THE STATE OF VIRGINIA
The state flag of Virginia has a deep blue field with a circle of white in the center on both sides of the flag. In this white circle the coat of arms of the state is painted or embroidered.
Virginia designated the flowering dogwood as the official state floral emblem in 1918 (also Virginia's state tree, adopted in 1956). The dogwood is a small, deciduous tree with graceful branches that bloom in spring with large showy flowers (usually greenish-white, sometimes pink or yellow). The dogwood develops red berries in autumn, and the leaves also turn a deep red before falling for winter.
Virginia designated the northern cardinal as official state bird in 1950. One of America's favorite backyard birds, cardinals are distinctive in appearance and song - known for their "cheer cheer cheer," "whit-chew whit-chew" and "purty purty purty" whistles.
Male cardinals are a brilliant scarlet red, females a buffy brown with reddish wings - both have a jet-black mask, pronounced crest, and heavy bill. The cardinal sings nearly year-round, and the male aggressively defends his 4-acre territory (male cardinals have been seen attacking small red objects mistaken as other males).
Northern cardinals breed 2-3 times each season. The female builds the nest and tends the hatchlings for about 10 days while the male brings food. The male then takes over the care of this first brood while the female moves on to a new nest and lays a second clutch of eggs.
The cardinal is the state bird of 7 states: Illinois, Indiana, Kentucky, North Carolina, Ohio, Virginia, and West Virginia.
Virginia designated the flowering dogwood as the official state floral emblem in 1918. The dogwood is a small, deciduous tree with graceful branches that bloom in spring with large showy flowers (usually greenish-white, sometimes pink or yellow). The dogwood develops red berries in autumn, and the leaves also turn a deep red before falling for winter.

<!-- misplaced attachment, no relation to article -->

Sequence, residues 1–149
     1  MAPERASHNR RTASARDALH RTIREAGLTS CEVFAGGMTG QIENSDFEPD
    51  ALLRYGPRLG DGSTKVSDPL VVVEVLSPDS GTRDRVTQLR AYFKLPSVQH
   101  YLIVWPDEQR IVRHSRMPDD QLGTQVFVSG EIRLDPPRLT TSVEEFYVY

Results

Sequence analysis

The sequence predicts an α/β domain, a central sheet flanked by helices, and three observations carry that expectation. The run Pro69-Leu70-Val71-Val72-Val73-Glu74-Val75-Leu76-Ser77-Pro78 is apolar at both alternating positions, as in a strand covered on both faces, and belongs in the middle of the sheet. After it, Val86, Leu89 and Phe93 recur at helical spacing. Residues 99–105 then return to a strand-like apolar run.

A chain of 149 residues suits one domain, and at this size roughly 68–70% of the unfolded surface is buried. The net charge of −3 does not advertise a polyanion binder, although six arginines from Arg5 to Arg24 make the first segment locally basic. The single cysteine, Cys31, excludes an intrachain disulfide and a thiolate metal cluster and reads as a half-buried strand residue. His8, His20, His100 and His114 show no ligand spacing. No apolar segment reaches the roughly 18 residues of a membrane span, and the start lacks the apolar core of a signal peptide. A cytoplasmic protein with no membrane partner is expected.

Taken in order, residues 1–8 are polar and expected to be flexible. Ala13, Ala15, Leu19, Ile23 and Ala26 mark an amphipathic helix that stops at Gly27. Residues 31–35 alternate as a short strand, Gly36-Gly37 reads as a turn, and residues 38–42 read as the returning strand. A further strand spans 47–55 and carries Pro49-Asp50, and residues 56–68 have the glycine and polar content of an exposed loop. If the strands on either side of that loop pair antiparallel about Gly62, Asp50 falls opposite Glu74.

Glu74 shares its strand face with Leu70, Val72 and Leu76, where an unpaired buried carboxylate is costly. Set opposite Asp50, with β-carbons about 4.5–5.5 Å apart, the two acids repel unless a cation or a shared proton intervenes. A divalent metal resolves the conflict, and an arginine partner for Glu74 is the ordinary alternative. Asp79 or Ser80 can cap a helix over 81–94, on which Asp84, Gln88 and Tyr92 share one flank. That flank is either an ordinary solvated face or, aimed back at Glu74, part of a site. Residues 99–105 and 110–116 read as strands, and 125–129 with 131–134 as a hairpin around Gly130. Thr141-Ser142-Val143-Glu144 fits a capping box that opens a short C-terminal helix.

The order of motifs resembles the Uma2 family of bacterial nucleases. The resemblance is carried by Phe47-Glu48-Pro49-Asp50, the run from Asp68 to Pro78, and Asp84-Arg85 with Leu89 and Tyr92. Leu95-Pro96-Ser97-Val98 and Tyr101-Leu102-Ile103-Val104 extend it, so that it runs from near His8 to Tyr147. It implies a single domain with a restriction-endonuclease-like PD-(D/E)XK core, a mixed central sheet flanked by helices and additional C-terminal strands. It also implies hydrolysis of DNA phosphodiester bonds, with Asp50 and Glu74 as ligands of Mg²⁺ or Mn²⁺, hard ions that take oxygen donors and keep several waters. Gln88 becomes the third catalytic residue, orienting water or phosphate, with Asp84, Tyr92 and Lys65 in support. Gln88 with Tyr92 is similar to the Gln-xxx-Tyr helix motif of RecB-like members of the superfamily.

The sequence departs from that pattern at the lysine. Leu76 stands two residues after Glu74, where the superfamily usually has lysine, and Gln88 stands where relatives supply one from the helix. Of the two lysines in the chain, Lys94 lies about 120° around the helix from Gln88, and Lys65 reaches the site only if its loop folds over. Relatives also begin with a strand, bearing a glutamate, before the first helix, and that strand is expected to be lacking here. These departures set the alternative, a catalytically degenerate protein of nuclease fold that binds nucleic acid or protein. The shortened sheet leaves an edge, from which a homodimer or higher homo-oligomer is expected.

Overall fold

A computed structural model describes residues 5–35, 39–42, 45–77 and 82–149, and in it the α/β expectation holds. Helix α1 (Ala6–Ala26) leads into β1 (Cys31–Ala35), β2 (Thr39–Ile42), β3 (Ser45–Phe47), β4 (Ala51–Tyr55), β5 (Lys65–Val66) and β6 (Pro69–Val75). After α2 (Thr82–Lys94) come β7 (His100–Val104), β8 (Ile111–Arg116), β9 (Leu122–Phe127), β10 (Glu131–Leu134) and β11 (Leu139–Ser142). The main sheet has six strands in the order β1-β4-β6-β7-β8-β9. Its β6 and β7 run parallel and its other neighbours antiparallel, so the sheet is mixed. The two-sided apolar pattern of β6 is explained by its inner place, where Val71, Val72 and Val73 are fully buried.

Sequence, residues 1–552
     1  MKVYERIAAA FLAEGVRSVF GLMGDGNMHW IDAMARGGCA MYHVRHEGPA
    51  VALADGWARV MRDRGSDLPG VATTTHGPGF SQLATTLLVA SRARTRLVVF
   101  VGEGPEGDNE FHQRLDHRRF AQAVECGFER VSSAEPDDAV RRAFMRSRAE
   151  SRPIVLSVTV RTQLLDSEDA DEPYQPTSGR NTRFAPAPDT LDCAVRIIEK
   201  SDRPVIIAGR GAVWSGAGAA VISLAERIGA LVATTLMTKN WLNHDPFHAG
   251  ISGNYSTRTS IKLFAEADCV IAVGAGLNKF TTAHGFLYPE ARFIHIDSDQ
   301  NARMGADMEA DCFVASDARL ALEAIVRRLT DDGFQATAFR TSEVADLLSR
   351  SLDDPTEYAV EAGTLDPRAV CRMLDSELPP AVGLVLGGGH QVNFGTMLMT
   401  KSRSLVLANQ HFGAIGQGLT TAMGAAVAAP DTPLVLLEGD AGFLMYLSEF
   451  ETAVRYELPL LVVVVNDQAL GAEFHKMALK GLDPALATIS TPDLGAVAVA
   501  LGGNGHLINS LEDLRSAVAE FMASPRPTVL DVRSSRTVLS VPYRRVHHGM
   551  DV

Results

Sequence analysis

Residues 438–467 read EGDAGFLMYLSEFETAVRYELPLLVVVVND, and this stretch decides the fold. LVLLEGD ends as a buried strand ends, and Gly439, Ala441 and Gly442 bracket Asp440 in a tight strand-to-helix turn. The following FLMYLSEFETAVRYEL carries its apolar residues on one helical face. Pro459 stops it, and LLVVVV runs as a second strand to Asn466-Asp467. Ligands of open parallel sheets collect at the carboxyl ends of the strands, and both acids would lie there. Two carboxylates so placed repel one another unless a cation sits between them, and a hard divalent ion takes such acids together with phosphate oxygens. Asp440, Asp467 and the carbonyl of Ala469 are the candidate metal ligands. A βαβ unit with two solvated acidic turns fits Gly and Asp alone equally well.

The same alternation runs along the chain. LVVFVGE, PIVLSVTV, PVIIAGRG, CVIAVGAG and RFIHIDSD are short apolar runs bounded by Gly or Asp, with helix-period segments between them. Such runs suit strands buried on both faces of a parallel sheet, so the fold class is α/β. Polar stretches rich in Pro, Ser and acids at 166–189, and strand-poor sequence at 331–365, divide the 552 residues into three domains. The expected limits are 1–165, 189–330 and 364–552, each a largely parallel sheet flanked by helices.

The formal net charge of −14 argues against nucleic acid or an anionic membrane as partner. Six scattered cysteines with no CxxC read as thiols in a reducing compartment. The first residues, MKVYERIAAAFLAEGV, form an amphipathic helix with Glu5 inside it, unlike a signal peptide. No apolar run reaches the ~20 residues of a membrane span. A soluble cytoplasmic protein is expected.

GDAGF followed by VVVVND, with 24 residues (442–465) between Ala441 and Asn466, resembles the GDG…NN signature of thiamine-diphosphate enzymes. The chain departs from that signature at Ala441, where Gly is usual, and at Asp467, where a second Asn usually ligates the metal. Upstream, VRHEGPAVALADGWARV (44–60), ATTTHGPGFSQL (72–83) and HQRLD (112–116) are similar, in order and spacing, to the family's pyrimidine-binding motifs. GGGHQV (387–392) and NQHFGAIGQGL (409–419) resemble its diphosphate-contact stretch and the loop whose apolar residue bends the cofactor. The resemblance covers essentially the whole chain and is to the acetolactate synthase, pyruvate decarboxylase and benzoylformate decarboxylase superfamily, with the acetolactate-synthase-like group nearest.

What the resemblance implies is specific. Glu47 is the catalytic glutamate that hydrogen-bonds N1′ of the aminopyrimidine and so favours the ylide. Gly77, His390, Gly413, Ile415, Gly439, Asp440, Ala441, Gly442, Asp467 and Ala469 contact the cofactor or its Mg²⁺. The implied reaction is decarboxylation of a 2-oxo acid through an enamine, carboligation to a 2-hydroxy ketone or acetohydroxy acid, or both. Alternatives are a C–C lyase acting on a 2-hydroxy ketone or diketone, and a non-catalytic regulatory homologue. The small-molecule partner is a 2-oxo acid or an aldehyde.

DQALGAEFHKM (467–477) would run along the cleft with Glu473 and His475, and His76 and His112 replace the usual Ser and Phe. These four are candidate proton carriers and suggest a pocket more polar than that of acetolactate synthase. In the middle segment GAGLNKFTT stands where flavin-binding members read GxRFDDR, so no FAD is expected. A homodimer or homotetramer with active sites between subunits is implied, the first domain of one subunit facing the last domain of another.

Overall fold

The word dogwood stems from dagwood (from the use of the very hard wood for making 'dags,' or daggers). The wood was also valued for making loom shuttles, arrows, tool handles, and other small items that required a very hard, strong wood. Larger items were also made of dogwood such as the screw in basket-style wine or fruit presses.
THINGS TO DO
Walk in the footsteps of Captain John Smith and Pocahontas at Historic Jamestowne. Explore the site of the first permanent colony in North America and watch archaeologists uncover the remains of the 1607 James Fort and explore what they’re digging this season. At Historic Jamestown, you can take an archaeology walking tour, view artifacts unearthed at the fort site at the Archaearium, attend special programs and events and enjoy lunch by the James River at the on-site café.
Monticello was the primary plantation of Thomas Jefferson, the third President of the United States, who, after inheriting quite a large amount of land from his father, started building Monticello when he was 26 years old.
George Washington's Mount Vernon is located about 15 miles south of Washington DC along the banks of the Potomac River. The historic estate includes not only the Mount Vernon Mansion - George and Martha Washington's home - but also a host of colonial era buildings, beautiful gardens, a working distillery and gristmill, and our museum and education center. There's so much more to see here.